January 13, 2014
The Ethiopian Borders Affairs Committee sent a letter to the United Nations Secretary-General, H.E. Mr. Ban ki-Moon exposing the TPLF/EPRDF secret border deal with the Sudan and rejecting any attempt that violates upon the sovereignty and territorial integrity of Ethiopia. The protest letter has been endorsed by 28 Ethiopian political and civic organizations according to The Ethiopian Borders Affairs Committee.
Ethiopian Border Affairs Committee
P. O. Box 9536 Columbus, Ohio 43209 USA
E-mail: [email protected]
H.E Mr. Ban Ki-Moon
United Nations Secretary General
1st Avenue, 46th Street
New York, NY 10017
January 10, 2014
We, the undersigned representatives of various Ethiopian political parties, civic organizations and professional associations, have the honor to bring to your attention our strong protest against the secret border deal that the dictatorial governments of Ethiopia and the Sudan have recently been hatching.
The respective territorial limits of both countries were defined by the Anglo-Ethiopian Treaty of 1902 at the turn of the last century when Great Britain was the colonial power administering the Sudan. As is customary in international practice in delimiting national boundaries, the treaty provided for the setting up of a Joint Boundary Commission to be appointed by both sides to carry out the actual demarcation of the boundary on the ground. Upon completion of the demarcation process both parties were required to notify their citizens of the boundary as demarcated.
Despite the clear mandate of these undertakings, however, the treaty has remained a dead letter for over a century and, as a consequence, the boundary between the two countries has never been demarcated by a joint commission. Instead, contrary to both the spirit and letter of the provisions of the treaty, Great Britain appointed its own officer, Major Charles W. Gwynn, to unilaterally and arbitrarily demarcate the boundary without the knowledge and the participation of Ethiopian boundary commissioners. In the event, the demarcation line which resulted from this high-handed exercise greatly favored the Sudan while causing Ethiopia to suffer a corresponding amount of territorial loss.
Notwithstanding the fact that the demarcation of the boundary by one of the Contracting Parties cannot legally bind the other, nevertheless Sudan has over the years importuned successive Ethiopian administrations to accept the validity of the unilateral demarcation undertaken by the British. The consistent and unequivocal response of these administrations, however, has been to reject the validity of Sudan’s claims, calling instead for a negotiated settlement of the boundary on the basis of the original treaty with the full knowledge, participation and consent of peoples likely to be affected by the demarcation line.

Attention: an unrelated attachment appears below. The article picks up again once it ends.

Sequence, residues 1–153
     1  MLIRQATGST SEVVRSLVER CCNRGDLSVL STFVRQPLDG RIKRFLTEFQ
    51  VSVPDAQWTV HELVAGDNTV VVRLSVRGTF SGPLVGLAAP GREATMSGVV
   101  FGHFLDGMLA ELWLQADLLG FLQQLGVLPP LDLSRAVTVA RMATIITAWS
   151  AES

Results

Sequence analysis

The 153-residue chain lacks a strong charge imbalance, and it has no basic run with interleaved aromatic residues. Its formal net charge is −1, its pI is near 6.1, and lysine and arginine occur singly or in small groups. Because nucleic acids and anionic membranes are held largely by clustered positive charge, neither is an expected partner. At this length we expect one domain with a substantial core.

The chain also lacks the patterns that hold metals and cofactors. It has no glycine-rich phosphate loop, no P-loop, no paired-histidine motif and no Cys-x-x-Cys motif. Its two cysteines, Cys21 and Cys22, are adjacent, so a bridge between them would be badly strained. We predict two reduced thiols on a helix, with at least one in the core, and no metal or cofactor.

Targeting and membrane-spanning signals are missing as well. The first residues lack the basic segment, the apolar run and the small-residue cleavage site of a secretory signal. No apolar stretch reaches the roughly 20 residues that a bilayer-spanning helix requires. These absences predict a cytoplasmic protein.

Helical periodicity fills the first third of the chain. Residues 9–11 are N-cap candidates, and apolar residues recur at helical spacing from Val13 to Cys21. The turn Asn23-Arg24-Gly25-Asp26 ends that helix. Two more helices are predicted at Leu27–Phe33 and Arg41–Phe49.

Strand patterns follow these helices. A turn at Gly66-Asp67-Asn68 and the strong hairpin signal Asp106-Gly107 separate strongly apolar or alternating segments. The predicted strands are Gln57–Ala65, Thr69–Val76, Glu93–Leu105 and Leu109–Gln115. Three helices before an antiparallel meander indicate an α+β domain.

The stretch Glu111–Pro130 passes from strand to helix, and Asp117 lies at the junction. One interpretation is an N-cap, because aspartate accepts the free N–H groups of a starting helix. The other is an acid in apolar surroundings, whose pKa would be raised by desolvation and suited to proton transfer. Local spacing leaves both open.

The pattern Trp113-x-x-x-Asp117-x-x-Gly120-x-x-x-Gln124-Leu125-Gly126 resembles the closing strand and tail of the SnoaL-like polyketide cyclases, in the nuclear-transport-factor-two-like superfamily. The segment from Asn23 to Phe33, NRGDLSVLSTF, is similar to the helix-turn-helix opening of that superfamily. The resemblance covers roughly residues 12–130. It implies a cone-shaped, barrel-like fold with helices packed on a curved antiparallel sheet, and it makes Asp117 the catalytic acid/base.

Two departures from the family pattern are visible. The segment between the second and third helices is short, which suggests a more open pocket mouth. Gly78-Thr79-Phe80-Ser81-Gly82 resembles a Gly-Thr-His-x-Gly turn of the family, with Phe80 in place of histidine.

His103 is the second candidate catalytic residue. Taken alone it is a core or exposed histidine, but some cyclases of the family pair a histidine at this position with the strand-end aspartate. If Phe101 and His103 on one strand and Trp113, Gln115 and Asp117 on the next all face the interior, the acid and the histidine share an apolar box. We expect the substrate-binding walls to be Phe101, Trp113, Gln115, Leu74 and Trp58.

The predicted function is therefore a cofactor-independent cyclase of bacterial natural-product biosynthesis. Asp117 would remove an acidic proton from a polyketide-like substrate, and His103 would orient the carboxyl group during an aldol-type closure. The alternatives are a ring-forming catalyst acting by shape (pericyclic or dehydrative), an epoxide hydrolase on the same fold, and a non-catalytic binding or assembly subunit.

As Your Excellency well knows, the international political system grants a considerable degree of importance to rights in respect of territory. The function of a boundary between states is the attribution of territory and, thus, the extent of a state’s territorial sovereignty. When the extent and limits of a state’s territorial sovereignty are determined solely and arbitrarily by one state to the detriment of the other, however, the boundary so determined becomes an enduring source of friction and tension between the adjoining states. It is precisely to avoid such a result that international law attributes to an international boundary a compelling degree of continuity and finality. Nevertheless, this venerable principle will be respected and observed in practice only if the given boundary was established in accordance with law. More importantly, a boundary regime can be regarded as final only where either of the states can clearly establish its legal credentials. In the case of the Ethio-Sudan boundary, this means that the treaty regime set up by the parties – and no other arrangement- was meant to govern the boundary and title to territory.